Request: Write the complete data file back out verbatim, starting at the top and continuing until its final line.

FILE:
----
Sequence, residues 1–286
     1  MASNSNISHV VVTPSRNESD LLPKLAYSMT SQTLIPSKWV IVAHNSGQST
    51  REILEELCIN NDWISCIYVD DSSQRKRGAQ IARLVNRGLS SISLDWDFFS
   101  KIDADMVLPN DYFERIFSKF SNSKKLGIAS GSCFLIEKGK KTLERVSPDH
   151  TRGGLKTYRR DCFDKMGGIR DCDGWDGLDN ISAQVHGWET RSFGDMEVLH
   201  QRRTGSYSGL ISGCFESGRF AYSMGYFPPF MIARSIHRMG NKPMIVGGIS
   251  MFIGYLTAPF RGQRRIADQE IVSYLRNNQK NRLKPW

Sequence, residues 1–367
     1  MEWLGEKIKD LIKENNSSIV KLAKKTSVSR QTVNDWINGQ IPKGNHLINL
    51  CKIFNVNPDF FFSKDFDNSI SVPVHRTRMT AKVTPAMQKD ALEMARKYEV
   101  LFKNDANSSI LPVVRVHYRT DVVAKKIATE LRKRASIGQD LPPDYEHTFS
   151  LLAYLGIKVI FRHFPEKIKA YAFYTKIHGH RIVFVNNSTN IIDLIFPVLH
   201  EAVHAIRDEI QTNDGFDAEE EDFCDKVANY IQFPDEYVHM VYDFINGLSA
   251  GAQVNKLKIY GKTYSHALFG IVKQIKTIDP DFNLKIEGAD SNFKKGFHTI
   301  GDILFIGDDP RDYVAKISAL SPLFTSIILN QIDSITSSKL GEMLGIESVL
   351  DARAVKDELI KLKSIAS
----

Sequence, residues 1–286
     1  MASNSNISHV VVTPSRNESD LLPKLAYSMT SQTLIPSKWV IVAHNSGQST
    51  REILEELCIN NDWISCIYVD DSSQRKRGAQ IARLVNRGLS SISLDWDFFS
   101  KIDADMVLPN DYFERIFSKF SNSKKLGIAS GSCFLIEKGK KTLERVSPDH
   151  TRGGLKTYRR DCFDKMGGIR DCDGWDGLDN ISAQVHGWET RSFGDMEVLH
   201  QRRTGSYSGL ISGCFESGRF AYSMGYFPPF MIARSIHRMG NKPMIVGGIS
   251  MFIGYLTAPF RGQRRIADQE IVSYLRNNQK NRLKPW

Sequence, residues 1–367
     1  MEWLGEKIKD LIKENNSSIV KLAKKTSVSR QTVNDWINGQ IPKGNHLINL
    51  CKIFNVNPDF FFSKDFDNSI SVPVHRTRMT AKVTPAMQKD ALEMARKYEV
   101  LFKNDANSSI LPVVRVHYRT DVVAKKIATE LRKRASIGQD LPPDYEHTFS
   151  LLAYLGIKVI FRHFPEKIKA YAFYTKIHGH RIVFVNNSTN IIDLIFPVLH
   201  EAVHAIRDEI QTNDGFDAEE EDFCDKVANY IQFPDEYVHM VYDFINGLSA
   251  GAQVNKLKIY GKTYSHALFG IVKQIKTIDP DFNLKIEGAD SNFKKGFHTI
   301  GDILFIGDDP RDYVAKISAL SPLFTSIILN QIDSITSSKL GEMLGIESVL
   351  DARAVKDELI KLKSIAS